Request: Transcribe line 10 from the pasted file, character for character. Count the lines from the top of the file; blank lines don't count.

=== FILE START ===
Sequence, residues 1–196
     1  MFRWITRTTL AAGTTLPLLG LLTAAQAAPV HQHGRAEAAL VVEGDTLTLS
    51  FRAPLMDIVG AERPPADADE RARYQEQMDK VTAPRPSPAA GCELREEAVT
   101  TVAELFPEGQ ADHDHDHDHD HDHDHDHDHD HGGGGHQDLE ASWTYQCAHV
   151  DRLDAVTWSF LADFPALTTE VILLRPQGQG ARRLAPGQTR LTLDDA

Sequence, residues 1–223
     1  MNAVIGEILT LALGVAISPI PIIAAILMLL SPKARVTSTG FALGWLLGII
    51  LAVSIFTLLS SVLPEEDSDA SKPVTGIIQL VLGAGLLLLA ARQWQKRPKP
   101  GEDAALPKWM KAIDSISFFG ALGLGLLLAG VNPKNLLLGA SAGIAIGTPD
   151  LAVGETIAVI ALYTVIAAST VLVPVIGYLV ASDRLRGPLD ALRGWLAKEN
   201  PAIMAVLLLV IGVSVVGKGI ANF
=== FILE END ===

   151  LAVGETIAVI ALYTVIAAST VLVPVIGYLV ASDRLRGPLD ALRGWLAKEN